The turnover factory: Cal coughs it up in loss to red-hot USC


USC point guard Derryck Thornton (5) and Cal’s Justice Sueing battle for a loose ball in the first half on Jan. 28.
Wally Skalij / Los Angeles Times

By Morris Phillips

Well, we’ve seen this before. And not just once or twice.

On one hand, Cal’s season-long struggles are indicative of their imbalanced roster and the unrelenting lessons an inexperienced team faces at the highest levels of college basketball.

But on the other hand, USC’s story is far more uplifting. The Trojans began the season in the rare clutches of the FBI and a far-reaching probe into the seamy underside of college recruiting. But despite the firing of a trusted assistant coach and the loss of one of their most beloved teammates, the hottest team in the Pac-12 has hit its stride, fueled by a deep and athletic roster that could be termed a fastbreak waiting to happen.

“We’re a 55-foot buzzer beater away from being in first place in the league but we’re 8-2,” USC coach Andy Enfield said. “It’s a compliment and credit to our players.”

That’s the backstory regarding USC’s 77-59 runaway victory over Cal on Sunday at the Galen Center. Turnovers–bunches of them–rate as the story’s headliner.

USC forces turnovers as if they were running a manufacturing company with the aforementioned as their primary product. Unfortunately, Cal can’t hold on to the basketball in normal circumstances, and facing the Trojans takes that flaw to an extreme level.

Even in a competitive first half in which Cal shot 47 percent from the floor, and led briefly by eight, the Bears turned it over 14 times. Leading 29-28 just before halftime, the Bears shots stopped falling while the turnovers continued unabated.

As Cal (7-15, 1-8) failed to prop up their sloppy ballhandling with made shots, the USC track meet commenced. Just six minutes into the second half, the Trojans’ lead hit double digits. USC’s leading scorer, Chimezie Metu capitalized on a second shot opportunity with a dunk, and the Trojans led 44-34 with 13:56 remaining.

“Once we get our defense going, we get steals, we get into transition and that generates our offense, and the rim looks bigger,” USC senior guard Elijah Stewart said. “We had more energy in the second half, we had ball movement and played together.”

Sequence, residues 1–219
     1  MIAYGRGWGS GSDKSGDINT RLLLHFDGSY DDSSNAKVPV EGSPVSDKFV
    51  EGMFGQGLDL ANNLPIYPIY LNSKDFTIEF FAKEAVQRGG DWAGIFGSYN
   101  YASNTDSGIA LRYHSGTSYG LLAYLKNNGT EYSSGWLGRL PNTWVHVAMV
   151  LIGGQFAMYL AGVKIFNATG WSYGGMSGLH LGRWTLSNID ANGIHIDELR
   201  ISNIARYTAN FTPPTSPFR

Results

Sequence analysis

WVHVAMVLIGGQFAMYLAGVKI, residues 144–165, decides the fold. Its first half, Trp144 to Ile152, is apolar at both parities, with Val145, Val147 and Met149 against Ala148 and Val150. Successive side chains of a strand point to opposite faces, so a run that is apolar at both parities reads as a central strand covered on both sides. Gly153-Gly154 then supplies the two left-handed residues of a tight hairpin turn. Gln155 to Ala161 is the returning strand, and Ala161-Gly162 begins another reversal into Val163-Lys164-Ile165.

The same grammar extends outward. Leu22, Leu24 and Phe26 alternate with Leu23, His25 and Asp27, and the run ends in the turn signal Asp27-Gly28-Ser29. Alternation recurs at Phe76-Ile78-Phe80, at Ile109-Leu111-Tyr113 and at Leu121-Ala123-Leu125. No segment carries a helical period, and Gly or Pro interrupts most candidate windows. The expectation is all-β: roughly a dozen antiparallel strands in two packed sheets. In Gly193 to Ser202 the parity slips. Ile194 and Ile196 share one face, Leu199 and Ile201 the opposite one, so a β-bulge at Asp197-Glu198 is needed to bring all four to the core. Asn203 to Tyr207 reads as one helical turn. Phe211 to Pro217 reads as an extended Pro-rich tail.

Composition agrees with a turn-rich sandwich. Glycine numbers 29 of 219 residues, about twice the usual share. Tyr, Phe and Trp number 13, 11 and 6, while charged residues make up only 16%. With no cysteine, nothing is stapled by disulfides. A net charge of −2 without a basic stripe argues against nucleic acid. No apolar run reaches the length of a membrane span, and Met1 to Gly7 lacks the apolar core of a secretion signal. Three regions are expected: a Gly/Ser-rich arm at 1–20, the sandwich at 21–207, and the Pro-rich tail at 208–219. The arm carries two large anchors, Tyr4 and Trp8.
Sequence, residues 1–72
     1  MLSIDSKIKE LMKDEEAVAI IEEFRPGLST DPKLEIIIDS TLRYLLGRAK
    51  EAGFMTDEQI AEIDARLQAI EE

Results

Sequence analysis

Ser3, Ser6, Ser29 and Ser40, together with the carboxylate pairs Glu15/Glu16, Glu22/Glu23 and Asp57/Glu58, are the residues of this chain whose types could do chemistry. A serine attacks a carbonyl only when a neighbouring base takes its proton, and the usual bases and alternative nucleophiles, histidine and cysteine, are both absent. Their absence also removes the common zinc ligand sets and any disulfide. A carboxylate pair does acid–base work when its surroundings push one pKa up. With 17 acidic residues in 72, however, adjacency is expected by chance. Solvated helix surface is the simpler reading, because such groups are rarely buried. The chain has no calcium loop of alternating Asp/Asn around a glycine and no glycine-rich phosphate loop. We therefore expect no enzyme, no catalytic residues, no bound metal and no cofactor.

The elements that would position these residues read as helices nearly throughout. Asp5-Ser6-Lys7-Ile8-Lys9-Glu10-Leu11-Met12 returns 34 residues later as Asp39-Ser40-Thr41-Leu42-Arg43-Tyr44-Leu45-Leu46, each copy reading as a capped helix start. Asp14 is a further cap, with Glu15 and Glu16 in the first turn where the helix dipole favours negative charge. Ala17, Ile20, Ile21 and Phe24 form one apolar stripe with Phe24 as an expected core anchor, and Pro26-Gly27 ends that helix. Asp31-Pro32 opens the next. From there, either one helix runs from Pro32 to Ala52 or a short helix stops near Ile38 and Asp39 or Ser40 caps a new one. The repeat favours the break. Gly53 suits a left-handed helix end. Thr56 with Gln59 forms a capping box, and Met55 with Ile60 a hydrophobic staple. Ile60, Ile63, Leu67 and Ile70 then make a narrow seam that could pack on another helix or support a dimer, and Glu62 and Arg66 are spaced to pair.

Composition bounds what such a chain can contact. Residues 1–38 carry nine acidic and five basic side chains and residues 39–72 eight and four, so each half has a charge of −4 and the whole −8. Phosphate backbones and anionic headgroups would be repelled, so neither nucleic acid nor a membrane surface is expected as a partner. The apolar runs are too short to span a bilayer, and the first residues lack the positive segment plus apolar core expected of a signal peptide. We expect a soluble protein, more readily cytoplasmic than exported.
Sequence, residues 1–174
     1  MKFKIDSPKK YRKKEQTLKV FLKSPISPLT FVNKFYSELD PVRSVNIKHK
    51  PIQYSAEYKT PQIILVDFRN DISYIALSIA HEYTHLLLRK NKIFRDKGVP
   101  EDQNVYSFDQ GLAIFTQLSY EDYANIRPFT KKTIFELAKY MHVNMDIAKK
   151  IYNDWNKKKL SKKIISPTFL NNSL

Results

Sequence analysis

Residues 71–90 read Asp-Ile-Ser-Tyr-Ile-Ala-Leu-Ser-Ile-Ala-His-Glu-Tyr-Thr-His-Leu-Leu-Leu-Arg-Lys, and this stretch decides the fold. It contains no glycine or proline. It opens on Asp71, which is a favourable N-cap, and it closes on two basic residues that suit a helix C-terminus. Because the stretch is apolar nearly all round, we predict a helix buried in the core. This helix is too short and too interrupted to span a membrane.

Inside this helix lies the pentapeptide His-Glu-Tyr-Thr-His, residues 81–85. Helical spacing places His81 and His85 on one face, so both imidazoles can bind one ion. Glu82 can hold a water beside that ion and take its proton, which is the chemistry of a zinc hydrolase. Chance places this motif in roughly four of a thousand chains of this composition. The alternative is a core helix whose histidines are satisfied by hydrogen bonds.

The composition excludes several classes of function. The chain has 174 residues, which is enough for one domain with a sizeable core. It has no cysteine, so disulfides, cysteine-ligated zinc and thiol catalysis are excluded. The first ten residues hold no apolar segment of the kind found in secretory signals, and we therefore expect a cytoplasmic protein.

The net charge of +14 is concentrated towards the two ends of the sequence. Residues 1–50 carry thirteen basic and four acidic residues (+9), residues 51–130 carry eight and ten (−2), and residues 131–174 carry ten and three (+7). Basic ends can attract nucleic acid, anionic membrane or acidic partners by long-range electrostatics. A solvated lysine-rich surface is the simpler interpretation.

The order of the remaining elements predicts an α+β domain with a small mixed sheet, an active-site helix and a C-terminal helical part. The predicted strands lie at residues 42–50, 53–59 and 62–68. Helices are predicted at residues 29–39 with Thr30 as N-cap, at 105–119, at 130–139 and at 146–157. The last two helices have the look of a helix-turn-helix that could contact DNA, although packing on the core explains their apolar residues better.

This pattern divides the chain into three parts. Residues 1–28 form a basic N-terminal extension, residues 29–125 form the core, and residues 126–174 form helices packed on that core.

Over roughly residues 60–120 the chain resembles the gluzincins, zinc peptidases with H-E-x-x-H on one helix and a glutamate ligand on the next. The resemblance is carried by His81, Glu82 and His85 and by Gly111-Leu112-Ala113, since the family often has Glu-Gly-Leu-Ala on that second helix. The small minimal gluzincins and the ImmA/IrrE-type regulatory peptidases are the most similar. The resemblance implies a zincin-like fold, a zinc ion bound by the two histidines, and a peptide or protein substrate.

Enfield felt his team took difficult shots early, as a scoring drought nearly six minutes in length allowed Cal to gain confidence and establish a lead. Cal coach Wyking Jones felt his team lost its stride as USC began to dictate the pace.

“We have to do a better job of not getting sped up,” Jones said.

Marcus Lee led Cal with 23 points, but 17 of those came in the second half as USC pulled away. Also Lee and guard Darius McNeill were credited with 12 of Cal’s 20 turnovers.

Stewart and Jonah Mathews led USC (17-6, 8-2) with 16 points a piece. Stewart’s scoring all came in the second half, and the Trojan leaders both canned four 3-pointers.

Cal’s loss was their eighth in a row, their worst run since 1992. The Bears continue to compete, and they’ve put to rest their issues with slow starts. But real improvement can’t commence without better ball security and overall consistency.

“We have to be able to but together a 40-minute game,” Jones said. “Not just halves.”

The Trojans have won six straight, and eight of nine. With play concluded for the month of January, the Trojans have seven wins, the first time they’ve done that since 1982.

Just last week, USC fired assistant coach Tony Bland after he received a federal indictment right before the season opener that focused on illegal payments to players and their families and advisers. De’Anthony Melton, the Trojans’ sophomore guard and NBA prospect, was suspended in the wake of Bland’s indictment. In the wake of Bland’s firing, the USC athletic department announced that Melton’s suspension would be extended through the remainder of the season.

The Bears return to the hardwood on Thursday when the Oregon Ducks visit Haas Pavilion.


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